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U.S. Ranks Third in Election Administration in North America—Much to Learn From Our Neighbors—According to Election Law Journal
Larchmont, NY, August 3, 2004—The election fiasco in Florida in November 2000 was not unique; almost every state had similar problems, and the Help America Vote Act (HAVA) of 2002 solves only a few of them. In an assessment of how well the United States administers elections as compared to its neighbors – Mexico and Canada – the current issue of Election Law Journal (Volume 3, Number 3) finds that the United States ranks third in almost every category. Election Law Journal is a peer-reviewed journal published by Mary Ann Liebert, Inc. (www.liebertpub.com/ELJ).
Twenty scholars, election administrators, and politicians from Mexico, the United States, and Canada contributed articles to this volume, entitled “Democracy and Elections in North America: What Can We Learn From Our Neighbors?” They analyze and compare the administration of elections and the campaign financing systems in each country. They also delve into specific issues, like redistricting, voter registration and identification, and adjudication of disputes, and propose ways that each country can and should learn from each other.
The volume is the culmination of a year-long research project that included a conference at American University (AU) in Washington, D.C. Symposium Editor Robert A. Pastor is Director of two Centers at AU that co-sponsored the Symposium – the Center for North American Studies and the Center for Democracy and Election Management. “Despite the political trauma experienced by the American body politic in the Florida election of 2000, and despite the long national debate on ways to improve the electoral and campaign financing systems,” Pastor writes in his concluding article, “no American leader” even posed, let alone answered the question at the heart of this volume – What Can We Learn From Our Neighbors? This volume shows that there is much to learn – not just by the United States but also by Canada and Mexico. And not only would our democracies improve if we learned the lessons, but our relationships would also become more respectful.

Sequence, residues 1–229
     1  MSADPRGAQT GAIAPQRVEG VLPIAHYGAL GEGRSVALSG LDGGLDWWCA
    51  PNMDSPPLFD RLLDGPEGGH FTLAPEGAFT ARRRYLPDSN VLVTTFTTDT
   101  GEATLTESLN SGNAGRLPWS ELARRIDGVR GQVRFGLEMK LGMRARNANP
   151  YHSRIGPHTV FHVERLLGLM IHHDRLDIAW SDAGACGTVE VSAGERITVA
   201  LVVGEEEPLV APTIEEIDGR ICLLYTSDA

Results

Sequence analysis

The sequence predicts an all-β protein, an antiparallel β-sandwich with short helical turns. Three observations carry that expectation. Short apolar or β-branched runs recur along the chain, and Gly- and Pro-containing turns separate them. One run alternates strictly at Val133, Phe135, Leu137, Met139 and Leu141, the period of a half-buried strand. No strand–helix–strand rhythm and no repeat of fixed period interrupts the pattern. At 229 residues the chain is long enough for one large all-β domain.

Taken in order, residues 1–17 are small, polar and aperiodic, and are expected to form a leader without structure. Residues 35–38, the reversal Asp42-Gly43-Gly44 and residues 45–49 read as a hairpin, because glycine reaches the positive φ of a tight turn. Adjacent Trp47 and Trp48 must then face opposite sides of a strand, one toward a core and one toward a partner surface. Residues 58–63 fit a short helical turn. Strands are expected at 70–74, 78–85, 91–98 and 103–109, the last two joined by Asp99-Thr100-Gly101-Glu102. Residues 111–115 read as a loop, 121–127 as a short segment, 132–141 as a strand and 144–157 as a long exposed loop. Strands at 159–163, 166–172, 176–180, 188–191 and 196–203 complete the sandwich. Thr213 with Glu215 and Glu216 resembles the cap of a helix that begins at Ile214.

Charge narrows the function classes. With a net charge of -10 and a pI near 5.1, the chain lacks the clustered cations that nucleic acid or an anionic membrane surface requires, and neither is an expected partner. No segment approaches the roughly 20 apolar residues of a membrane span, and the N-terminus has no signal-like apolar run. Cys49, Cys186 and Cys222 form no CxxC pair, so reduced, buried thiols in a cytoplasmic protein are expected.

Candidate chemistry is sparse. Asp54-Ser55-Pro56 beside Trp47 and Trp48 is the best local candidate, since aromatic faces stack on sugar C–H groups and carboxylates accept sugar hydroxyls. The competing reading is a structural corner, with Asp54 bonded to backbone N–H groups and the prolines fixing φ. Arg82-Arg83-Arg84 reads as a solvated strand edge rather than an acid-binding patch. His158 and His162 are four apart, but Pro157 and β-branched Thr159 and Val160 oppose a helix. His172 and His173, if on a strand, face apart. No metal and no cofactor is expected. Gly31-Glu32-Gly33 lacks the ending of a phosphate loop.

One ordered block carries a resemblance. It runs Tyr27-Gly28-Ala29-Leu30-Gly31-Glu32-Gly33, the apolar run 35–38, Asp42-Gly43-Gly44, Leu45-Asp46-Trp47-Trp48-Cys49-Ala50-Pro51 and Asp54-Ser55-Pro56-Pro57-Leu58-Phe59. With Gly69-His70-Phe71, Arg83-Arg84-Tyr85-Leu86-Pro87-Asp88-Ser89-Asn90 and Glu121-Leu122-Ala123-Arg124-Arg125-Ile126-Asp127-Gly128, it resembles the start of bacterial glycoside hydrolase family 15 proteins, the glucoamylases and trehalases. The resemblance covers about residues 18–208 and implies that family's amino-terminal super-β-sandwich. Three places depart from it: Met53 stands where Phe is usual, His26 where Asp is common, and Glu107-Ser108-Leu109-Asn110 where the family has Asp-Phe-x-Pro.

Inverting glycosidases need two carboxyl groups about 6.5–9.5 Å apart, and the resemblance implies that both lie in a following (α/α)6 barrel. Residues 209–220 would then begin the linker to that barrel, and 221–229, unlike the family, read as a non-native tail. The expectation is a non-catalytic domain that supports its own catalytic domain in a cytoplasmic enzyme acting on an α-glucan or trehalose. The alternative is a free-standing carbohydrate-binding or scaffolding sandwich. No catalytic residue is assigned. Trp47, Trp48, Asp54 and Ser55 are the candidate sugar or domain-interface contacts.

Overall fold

Among the many contributions, John Courtney, Professor at the University of Saskatchewan, examines Canada’s redistricting system, which could solve what Pastor describes as the “gravest threat to accountability” in the U.S. today. George Grayson, Professor at the College of William and Mary, shows how the U.S. could learn from Mexico’s registration system. Three articles propose constitutional changes in each country, and Leonard Shambon explains why the election of 2004 is likely to be as problematic as that of 2000.
Election Law Journal is an authoritative peer-reviewed journal published quarterly in print and online. Co-edited by Daniel H. Lowenstein of UCLA Law School and Richard Hasen of Loyola Law School, the journal covers the emerging specialty of election law for attorneys, election administrators, political professionals, and legal scholars. It covers election law on the federal, state, and local levels in the U.S. and in 75 countries around the world. A complete table of contents and a free sample issue may be viewed online at www.liebertpub.com/ELJ.